Qty:1
+ $3.99 shipping
Used: Very Good | Details
Sold by goHastings
Condition: Used: Very Good
Comment: 100% PRODUCT GUARANTEE!* Fast shipping on more than 1,000,000 Book , Video, Video Game, Music titles & More! We 100% Guarantee the full functionality of all used and previously viewed product, except its digital content, if any.
Other Sellers on Amazon
Add to Cart
$4.99
& FREE Shipping on orders over $35.00. Details
Sold by: Sparks DVD Sales
Add to Cart
$5.29
& FREE Shipping on orders over $35.00. Details
Sold by: newbury_comics
Add to Cart
$9.71
& FREE Shipping on orders over $35.00. Details
Sold by: Amazon.com
Have one to sell? Sell on Amazon

Image Unavailable

Image not available for
Color:
  • Tekkon Kinkreet
  • Sorry, this item is not available in
  • Image not available
  • To view this video download Flash Player
      

Tekkon Kinkreet


List Price: $14.94
Price: $4.99 & FREE Shipping on orders over $35. Details
You Save: $9.95 (67%)
Only 17 left in stock.
59 new from $2.48 36 used from $0.42
Watch Instantly with Rent Buy
Other Formats & Versions Amazon Price New from Used from
DVD
"Please retry"
1-Disc Version
$4.99
$2.48 $0.42


Frequently Bought Together

Tekkon Kinkreet + Paprika
Price for both: $14.72

Buy the selected items together

What Other Items Do Customers Buy After Viewing This Item?


Product Details

  • Actors: Kazunari Ninomiya, Yû Aoi, Yûsuke Iseya, Kankurô Kudô, Min Tanaka
  • Directors: Michael Arias
  • Writers: Anthony Weintraub, Taiyo Matsumoto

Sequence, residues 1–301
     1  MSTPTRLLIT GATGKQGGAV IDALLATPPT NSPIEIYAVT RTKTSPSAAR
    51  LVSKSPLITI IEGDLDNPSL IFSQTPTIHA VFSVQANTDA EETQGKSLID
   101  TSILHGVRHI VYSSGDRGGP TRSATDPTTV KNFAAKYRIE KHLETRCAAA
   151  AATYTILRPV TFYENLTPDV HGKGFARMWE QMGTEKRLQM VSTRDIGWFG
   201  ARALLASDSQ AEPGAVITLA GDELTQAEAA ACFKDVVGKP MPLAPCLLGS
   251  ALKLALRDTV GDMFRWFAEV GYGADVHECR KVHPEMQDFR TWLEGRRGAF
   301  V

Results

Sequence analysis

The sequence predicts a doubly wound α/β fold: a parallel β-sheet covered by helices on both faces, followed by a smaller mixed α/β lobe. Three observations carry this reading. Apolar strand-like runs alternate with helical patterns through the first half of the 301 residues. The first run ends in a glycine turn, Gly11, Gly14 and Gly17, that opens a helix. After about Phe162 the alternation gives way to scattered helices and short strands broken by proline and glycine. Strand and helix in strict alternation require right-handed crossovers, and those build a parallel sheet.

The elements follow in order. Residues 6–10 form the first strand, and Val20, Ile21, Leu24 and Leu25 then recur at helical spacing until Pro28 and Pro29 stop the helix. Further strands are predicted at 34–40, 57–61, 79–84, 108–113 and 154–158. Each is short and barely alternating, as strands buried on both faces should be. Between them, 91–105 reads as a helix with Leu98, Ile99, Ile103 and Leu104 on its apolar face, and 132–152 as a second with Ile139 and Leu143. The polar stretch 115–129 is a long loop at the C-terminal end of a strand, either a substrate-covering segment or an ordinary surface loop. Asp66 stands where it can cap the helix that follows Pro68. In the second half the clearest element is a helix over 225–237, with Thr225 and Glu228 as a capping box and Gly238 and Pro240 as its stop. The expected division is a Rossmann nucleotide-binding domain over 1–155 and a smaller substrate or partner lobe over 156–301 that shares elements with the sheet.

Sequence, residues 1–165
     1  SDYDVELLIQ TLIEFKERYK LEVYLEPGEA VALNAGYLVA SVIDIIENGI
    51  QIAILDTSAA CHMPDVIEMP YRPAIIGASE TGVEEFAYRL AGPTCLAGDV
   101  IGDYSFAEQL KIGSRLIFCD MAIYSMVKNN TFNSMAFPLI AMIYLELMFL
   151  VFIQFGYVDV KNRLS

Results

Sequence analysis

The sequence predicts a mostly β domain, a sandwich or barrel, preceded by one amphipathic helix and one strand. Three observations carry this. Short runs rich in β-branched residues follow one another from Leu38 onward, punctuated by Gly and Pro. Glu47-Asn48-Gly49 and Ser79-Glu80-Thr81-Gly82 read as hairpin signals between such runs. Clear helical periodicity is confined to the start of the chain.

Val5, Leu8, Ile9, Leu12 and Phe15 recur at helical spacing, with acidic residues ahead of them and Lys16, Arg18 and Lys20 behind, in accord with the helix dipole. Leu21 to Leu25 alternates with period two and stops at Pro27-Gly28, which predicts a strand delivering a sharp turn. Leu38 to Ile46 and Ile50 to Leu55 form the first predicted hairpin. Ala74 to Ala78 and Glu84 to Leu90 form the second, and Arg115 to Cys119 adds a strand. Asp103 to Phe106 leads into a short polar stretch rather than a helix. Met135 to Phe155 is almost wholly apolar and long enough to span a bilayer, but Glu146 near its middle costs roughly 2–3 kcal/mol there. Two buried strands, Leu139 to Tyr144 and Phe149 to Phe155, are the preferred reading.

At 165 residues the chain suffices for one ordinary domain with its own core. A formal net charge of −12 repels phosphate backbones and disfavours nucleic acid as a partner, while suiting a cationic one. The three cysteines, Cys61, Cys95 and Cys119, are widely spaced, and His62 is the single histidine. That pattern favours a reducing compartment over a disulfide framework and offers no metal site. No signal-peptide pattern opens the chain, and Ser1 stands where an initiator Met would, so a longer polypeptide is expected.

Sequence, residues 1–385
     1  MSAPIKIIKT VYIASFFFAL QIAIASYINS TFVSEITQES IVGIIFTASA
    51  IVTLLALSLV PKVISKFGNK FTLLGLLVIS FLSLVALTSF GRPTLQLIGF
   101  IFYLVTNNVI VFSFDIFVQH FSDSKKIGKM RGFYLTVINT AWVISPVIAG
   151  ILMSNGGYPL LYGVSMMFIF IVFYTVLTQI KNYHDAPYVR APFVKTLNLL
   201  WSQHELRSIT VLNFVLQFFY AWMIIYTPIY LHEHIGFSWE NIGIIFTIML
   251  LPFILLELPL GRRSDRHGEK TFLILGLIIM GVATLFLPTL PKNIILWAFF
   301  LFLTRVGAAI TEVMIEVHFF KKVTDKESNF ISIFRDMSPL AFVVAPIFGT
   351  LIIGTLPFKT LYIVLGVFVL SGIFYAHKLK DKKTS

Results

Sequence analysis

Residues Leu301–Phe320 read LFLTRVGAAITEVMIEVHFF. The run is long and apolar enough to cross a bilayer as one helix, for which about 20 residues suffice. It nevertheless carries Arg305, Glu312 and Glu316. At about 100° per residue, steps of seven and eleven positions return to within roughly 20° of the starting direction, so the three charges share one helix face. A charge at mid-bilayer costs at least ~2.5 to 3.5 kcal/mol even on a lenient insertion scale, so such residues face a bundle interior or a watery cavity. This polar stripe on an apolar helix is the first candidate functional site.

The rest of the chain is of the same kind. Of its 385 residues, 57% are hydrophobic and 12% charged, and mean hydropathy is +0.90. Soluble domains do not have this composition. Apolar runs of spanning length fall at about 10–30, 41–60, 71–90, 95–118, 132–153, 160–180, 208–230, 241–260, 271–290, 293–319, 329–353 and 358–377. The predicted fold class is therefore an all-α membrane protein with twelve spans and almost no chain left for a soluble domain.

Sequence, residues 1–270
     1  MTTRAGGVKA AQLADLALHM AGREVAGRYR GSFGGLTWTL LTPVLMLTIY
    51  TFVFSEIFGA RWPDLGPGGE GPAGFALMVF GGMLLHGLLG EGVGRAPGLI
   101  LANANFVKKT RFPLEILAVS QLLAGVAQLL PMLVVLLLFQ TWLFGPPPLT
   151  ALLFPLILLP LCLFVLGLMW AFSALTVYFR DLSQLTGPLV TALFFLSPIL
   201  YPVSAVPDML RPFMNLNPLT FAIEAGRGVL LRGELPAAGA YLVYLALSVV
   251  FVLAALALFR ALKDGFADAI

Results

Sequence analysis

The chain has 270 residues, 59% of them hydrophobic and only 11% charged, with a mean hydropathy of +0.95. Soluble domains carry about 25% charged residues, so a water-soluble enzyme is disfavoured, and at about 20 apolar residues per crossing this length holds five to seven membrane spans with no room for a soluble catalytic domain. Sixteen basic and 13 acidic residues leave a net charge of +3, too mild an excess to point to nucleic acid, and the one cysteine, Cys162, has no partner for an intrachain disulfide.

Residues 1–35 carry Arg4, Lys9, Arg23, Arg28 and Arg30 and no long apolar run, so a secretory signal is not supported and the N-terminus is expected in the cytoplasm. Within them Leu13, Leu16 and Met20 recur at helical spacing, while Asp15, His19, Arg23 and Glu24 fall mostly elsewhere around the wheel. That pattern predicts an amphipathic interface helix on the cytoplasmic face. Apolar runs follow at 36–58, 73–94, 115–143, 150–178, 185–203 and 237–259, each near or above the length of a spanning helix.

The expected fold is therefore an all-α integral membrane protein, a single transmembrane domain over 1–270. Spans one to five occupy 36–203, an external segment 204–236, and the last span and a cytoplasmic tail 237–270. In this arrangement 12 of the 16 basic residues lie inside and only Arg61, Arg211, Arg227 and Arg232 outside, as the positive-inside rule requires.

• Producers: Eiichi Kamagata, Eiko Tanaka, Fumio Ueda, Masao Teshima, Mikio Ono
  • Format: Multiple Formats, AC-3, Animated, Closed-captioned, Color, Dolby, Dubbed, NTSC, Subtitled, Widescreen
  • Language: Portuguese (Dolby Digital 5.1), English (Dolby Digital 5.1), Japanese (Dolby Digital 5.1), Spanish (Dolby Digital 5.1)
  • Subtitles: English, Spanish, French, Portuguese
  • Dubbed: English, Portuguese, Spanish
  • Region: Region 1 encoding (US and Canada only)
    PLEASE NOTE:
    Some Region 1 DVDs may contain Regional Coding Enhancement (RCE). Some, but not all, of our international customers have had problems playing these enhanced discs on what are called "region-free" DVD players. For more information on RCE, click .
  • Aspect Ratio: 2.35:1
  • Number of discs: 1
  • Rated: R (Restricted)
  • Studio: Sony Pictures Home Entertainment
  • DVD Release Date: September 25, 2007
  • Run Time: 111 minutes
  • Average Customer Review: 4.4 out of 5 stars  See all reviews (127 customer reviews)
  • ASIN: B000TGCR3I
  • Amazon Best Sellers Rank: #13,357 in Movies & TV (See Top 100 in Movies & TV)
  • Learn more about "Tekkon Kinkreet" on IMDb

Special Features

  • A Conversation with Director Michael Arias and British Rock Band Plaid
  • Filmmaker Commentary
  • The Making of Tekkon - Director Michael Arias' 300 Day Diary

Editorial Reviews

Product Description

From the creators of Animatrix comes this visually-stunning new anime film based on a popular Japanese manga written by Taiyo Matsumoto. In Treasure Town, where the moon smiles and young boys can fly, life can be both gentle and brutal. This is never truer than for our heroes, Black and White, two street urchins who watch over the city, doing battle with an array of old-world Yakuza and alien assassins vying to rule the decaying metropolis. TEKKONKINKREET is a dynamic tale of brotherhood that addresses the faults of present day society, true love lost, and the kindness of the human heart. A brutal elegy for our changing times as well as a tour-de-force of visual artistry, TEKKONKINKREET is a deeply resonant story with a heart. The title TEKKONKINKREET is a play on the Japanese words for ‘concrete,' ‘iron,' and ‘muscle,' and it suggests the warring images of steel and concrete cities amassing against the powers of the imagination. Until now, at least in imports abroad, anime style has

Amazon.com